The Problem with Being Rich

“Again I say to you, it is easier for a camel to go through the eye of a needle, than for a rich man to enter the kingdom of God.” – Matthew 19:24

North America is rich. Filthy rich. You might say to me, “Scott, I don’t have a lot of money! I have more bills than cash.” Others might say to me, “We have homeless people in most of the larger towns and in all of the cities.”

So, how could I say something so judgmental and so incorrect? Consider the following; people in North America have fail safes. People with limited income have different forms of welfare. More charity comes out of North America than from any other continent. Even homeless people have programs and support structures in place that can’t be found in third-world nations. Things are far from perfect here, but the volume of wealth in our continent is near immeasurable.

I sell this previous point to make a different one: few people in North America can say that they have no knowledge of Jesus Christ. So much of our western culture has been built on two thousand years of a faith passed on from generation to generation. The calendar is built on His birth. The two largest seasons of the year (Easter and Christmas) have His name written all over them. Thousands of non-Christian couples choose to get married in a church officiated by a member of the clergy because tradition endures.

So, it might surprise to you know that in a region of the world where Christ’s name is well known, fewer people than ever before follow Him. Is that because Jesus is a terrible person to follow? Surveys show that what little some people know of Jesus, the majority of people see Him as a positive influence on society. Turns out that while people have positive vibes about Jesus, many do not feel a need to “follow” Him. They feel they don’t need Him.

And why should they? We live in a filthy rich world. All of our needs are met, people are getting ahead, and even the ones who aren’t live better lives than in other places of the world where a cup of daily broth is a luxury. We have houses, food, cars, clothes, Internet, jewelry, restaurants, movie theatres, libraries, universities, and so on.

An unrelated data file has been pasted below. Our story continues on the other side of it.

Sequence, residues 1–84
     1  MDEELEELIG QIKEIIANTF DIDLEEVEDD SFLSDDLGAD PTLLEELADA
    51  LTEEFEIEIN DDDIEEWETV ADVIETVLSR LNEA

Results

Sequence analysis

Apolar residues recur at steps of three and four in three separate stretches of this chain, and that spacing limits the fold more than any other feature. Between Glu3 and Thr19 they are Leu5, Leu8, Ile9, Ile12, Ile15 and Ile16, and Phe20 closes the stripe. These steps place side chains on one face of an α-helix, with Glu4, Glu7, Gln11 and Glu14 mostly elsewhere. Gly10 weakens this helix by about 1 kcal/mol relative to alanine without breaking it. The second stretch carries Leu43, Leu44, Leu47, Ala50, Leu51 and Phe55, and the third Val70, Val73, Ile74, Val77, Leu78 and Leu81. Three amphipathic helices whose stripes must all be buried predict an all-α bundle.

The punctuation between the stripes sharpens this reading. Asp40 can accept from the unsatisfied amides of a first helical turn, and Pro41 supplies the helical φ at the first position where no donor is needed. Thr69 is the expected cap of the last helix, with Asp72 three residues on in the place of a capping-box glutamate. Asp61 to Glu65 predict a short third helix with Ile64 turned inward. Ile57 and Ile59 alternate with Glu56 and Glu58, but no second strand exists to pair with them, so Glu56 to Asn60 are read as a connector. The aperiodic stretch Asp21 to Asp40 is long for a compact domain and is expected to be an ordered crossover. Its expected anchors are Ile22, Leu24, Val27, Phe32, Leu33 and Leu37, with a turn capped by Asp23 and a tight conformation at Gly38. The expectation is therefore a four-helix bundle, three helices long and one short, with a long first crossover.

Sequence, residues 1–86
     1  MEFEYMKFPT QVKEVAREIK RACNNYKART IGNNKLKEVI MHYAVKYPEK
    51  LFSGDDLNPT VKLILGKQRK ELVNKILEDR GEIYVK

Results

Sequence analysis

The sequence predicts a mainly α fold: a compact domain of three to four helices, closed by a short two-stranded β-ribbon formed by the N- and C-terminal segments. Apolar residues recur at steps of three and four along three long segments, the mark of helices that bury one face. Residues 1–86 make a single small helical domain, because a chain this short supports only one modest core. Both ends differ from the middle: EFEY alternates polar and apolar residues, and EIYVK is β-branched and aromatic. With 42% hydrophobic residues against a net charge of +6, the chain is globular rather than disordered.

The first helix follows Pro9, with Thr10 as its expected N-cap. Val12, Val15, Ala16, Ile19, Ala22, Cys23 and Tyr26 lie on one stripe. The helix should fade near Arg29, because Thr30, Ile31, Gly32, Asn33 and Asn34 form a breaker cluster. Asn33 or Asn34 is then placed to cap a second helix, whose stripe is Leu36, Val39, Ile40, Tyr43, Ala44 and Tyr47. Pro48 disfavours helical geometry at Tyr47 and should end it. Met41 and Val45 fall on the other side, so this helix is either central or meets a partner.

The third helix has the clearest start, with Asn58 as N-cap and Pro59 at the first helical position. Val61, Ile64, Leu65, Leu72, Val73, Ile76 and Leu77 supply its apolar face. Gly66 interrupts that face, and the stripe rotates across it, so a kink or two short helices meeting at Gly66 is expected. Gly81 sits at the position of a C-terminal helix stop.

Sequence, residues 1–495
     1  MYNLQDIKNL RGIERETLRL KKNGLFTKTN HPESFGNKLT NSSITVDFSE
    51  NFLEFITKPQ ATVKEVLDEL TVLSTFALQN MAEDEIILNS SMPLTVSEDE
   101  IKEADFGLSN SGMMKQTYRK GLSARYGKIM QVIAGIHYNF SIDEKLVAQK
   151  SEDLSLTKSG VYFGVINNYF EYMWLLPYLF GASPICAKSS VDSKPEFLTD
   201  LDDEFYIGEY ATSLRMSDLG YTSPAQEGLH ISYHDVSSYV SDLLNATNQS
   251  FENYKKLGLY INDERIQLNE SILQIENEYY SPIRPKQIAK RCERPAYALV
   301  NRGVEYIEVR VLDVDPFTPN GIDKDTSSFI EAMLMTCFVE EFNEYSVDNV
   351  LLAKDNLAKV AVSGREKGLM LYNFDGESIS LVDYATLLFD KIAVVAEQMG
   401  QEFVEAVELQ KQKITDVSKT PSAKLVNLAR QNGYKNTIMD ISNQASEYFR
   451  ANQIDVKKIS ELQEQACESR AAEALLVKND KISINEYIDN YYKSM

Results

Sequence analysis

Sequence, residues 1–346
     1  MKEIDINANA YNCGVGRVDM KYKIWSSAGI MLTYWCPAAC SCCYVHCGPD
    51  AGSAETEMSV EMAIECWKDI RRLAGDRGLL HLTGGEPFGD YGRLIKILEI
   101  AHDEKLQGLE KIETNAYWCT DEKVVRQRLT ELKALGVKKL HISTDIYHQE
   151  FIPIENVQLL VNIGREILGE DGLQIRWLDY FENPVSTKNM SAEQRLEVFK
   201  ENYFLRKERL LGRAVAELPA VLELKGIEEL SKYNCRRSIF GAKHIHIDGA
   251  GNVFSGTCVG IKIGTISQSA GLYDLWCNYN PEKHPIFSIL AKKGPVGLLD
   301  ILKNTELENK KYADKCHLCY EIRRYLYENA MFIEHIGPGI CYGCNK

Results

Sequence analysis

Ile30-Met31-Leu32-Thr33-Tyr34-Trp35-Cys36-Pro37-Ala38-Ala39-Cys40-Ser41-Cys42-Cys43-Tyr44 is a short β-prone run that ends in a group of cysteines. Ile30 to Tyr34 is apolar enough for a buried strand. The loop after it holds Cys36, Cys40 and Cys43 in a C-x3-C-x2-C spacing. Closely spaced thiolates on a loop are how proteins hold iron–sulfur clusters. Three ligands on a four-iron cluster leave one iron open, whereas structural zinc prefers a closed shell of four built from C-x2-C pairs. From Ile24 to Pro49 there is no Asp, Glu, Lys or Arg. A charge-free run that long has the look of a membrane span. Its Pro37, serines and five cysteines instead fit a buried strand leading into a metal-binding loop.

With lives that full and comfortable, why would we need to devote those lives to a man who promised suffering and cross bearing?

This is what the above verse is telling us. The rich man believes that all his needs and wants are met by virtue of his wealth and giving all that up for the sake of following Jesus and serving the kingdom of God seems insane. And so Jesus uses a hyperbole (gross exaggeration) to make a point about how difficult it is for the rich to let go.

A camel is big. The eye of a needle is tiny. Not only is it difficult for a camel to enter the eye of a needle, but it is also impossible. Jesus is saying however hard you think it is for the camel to go through the eye of a needle, it is harder for a rich person to enter the kingdom of heaven.

The good news that Jesus brings is in the verses to follow. “With people this is impossible, but with God, all things are possible” (Matthew 19:26). Jesus is reminding His disciples that anyone can enter the kingdom of God if God paves the way for them to do so. A change of heart for a rich person—a willingness to accept a life committed to Jesus—is a miracle, but that’s what God does all the time.

So, I am not telling you that I feel we should be poorer than we are. But money NEVER lasts, and true joy is not ever found in possessions or wealth. A life submitted to Christ is where all the satisfaction and contentment are found. Lose the life, people. You’ll be glad you did.

Pastor Scott